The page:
you are in the great outdoors -
just one question,
The kind of water that is available to you depends on the type of camping you are doing. If you are camping in a campground with a water source provided your needs will differ from a backpacking family who cannot carry all of the water needed for their trip.
Generally, your water source is a stream, a lake, or a spring.
The water may taste wonderfully clear -
and larger parasites, bacteria, and viruses all can be found in
backcountry water sources.
how do we get rid of these 'water hazards'?
1. Boil your water.
is the only free water treatment you'll find -
is the surefire way to purify water.
2. Iodine disinfection
are three forms of iodine treatments; crystals, tablets, and liquid.
For years iodine has been the most efficient way for backpackers to
disinfect water, because it is lightweight, cheap, and is easy to do.
physically strain out microorganisms larger than a certain size.
There are two different kinds of water filters. There are kinds that
remove, or filter out, protozoa's and bacteria, and there are filters
that "purify," which means they also remove viruses as well
as protozoa and bacteria.
These following are what your filter could be made of, and it's construction, which can be depth or surface. Most good filters today are depth filters. This means that the filter element has some thickness, or depth to it. The complex structure also captures the offending microorganisms. Depth filters can often be cleaned by scrubbing or backwashing. Surface filters, also known as membrane filters, have a thinner, sheet like construction that tends to clog quickly.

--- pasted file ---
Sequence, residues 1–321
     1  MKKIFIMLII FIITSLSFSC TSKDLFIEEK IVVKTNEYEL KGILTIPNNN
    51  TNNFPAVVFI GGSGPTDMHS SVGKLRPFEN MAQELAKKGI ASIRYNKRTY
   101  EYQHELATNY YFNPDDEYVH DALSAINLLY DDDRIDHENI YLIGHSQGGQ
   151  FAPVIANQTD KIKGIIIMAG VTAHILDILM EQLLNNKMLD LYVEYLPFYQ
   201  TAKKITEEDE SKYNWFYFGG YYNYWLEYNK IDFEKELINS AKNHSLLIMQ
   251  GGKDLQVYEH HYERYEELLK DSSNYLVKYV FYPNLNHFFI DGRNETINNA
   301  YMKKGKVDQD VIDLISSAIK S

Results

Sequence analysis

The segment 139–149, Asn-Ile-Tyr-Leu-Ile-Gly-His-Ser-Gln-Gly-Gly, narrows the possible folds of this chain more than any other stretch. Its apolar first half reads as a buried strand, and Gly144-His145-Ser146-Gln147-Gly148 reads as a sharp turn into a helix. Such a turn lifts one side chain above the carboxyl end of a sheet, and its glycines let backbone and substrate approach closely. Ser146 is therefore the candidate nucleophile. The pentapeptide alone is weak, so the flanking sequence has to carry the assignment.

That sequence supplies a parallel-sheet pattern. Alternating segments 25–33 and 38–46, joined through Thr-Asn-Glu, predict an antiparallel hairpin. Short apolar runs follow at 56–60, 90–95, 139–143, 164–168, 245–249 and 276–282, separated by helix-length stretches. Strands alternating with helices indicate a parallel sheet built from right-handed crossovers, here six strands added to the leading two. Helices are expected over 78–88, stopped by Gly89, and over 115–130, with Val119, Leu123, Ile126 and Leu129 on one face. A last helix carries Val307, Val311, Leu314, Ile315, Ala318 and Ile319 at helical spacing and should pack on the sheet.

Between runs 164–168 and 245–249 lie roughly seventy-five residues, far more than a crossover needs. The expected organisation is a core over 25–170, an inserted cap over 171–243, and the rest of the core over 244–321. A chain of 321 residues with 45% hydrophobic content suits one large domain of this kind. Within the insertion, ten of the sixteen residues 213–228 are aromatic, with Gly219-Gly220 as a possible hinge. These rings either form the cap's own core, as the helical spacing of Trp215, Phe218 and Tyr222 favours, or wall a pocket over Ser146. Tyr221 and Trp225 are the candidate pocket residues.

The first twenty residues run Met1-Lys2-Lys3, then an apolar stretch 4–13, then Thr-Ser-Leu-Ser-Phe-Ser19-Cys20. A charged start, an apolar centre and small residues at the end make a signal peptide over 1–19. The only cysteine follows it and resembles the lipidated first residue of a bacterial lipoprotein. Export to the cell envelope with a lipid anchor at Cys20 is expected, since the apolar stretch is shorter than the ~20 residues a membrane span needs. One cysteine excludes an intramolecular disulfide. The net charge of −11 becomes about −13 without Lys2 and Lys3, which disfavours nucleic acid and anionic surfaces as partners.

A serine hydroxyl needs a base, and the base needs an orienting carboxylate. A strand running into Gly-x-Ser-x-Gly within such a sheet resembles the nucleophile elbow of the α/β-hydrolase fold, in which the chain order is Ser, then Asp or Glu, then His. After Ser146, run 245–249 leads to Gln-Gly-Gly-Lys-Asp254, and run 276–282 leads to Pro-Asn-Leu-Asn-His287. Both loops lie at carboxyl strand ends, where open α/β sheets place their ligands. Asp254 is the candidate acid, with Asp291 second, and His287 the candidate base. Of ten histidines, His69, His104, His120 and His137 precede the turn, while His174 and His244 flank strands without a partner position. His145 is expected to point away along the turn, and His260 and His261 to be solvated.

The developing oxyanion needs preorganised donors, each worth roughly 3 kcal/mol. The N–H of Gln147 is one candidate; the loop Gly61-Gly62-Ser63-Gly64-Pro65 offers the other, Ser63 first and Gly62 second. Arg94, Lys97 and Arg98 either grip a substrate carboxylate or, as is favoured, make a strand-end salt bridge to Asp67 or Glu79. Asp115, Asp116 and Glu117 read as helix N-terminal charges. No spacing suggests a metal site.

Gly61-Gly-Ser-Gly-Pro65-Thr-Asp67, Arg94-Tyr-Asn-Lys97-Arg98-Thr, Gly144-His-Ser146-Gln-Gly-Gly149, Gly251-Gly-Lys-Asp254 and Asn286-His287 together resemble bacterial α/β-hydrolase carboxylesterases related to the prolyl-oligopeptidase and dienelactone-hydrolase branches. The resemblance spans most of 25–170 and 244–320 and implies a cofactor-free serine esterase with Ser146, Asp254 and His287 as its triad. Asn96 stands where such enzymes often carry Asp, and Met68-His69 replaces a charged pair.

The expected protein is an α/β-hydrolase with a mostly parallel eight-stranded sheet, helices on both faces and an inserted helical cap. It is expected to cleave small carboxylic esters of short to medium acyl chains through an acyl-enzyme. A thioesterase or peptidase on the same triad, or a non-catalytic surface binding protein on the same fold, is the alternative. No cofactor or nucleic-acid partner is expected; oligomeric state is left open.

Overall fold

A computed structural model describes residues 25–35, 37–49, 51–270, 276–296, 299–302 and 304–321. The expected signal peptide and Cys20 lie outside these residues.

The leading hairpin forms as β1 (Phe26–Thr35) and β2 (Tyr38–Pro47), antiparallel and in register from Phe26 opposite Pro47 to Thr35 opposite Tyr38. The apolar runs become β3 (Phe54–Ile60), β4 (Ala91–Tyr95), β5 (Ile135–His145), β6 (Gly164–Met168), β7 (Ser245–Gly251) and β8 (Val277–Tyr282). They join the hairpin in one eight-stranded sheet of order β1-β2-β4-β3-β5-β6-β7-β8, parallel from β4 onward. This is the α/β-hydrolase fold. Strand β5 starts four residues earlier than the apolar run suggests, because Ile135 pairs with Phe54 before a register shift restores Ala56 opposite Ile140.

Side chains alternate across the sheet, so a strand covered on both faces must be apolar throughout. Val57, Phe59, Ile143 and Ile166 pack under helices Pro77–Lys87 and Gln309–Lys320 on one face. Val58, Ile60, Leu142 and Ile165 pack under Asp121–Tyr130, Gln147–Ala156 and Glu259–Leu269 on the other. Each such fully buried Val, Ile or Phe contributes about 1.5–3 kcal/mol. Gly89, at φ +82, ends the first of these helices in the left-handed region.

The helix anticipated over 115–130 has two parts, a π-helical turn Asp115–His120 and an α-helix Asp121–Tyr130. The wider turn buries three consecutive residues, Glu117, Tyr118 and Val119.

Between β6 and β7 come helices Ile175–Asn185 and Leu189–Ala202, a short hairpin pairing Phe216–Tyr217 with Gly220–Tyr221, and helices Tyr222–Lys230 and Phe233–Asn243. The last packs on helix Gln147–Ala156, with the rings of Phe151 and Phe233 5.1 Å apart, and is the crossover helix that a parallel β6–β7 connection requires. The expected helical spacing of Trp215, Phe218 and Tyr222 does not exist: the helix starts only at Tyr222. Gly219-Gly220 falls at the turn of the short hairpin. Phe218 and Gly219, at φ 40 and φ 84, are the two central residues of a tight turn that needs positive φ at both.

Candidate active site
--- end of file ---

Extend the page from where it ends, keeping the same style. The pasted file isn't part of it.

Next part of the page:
Your filter's possible elements:
Activated carbon strains out organic chemicals like herbicides, pesticides, and chlorine. It is always used in conjunction with another filter material.
By nature, ceramic is porous, intricate material with lots of little nooks and crannies that capture microorganisms. The best thing ceramic filters is they can be washed time and time again before they need to be replaced. The draw back of ceramic filters is they are fragile, especially in cold weather.
Fiberglass or glass fiber.
Glass fibers are long and slick and can be molded into intricate structures that effectively catch the microscopic bad guys. Fiberglass doesn't last as long as ceramics, but is more durable.
If you camp a great deal a filter might be right for you.
Water filters produce the best tasting water.
Only water filters can remove pollutants from water.
filters do require spare filters -
Filtration devices are the most expensive alternative.
Water filters can be a bit bulky to carry.
method you choose -
favorite campground has running water; maybe even showers.
I don't think so.
recreation facilities offer water that is not potable
water is considered safe for drinking -
parks treat their water with the same kind of chlorine you would use
in your pool. This kind of treatment is not an exact science. Parks
that have their own water system are required to test the water on a
regular basis. The testing is simple -
friend of mine used to work at and housed in barracks on site at
Campground Park. He told me there were warnings in the kitchen and
bathroom recommending that employees not drink the water. Bottled
water was provided by thier employer. When he asked about it -
I would not recommend drinking water anyplace where you are unsure of its purity.
recreation areas have natural springs or wells with incredibly good water.
We bring large five gallon water jugs of our own water!
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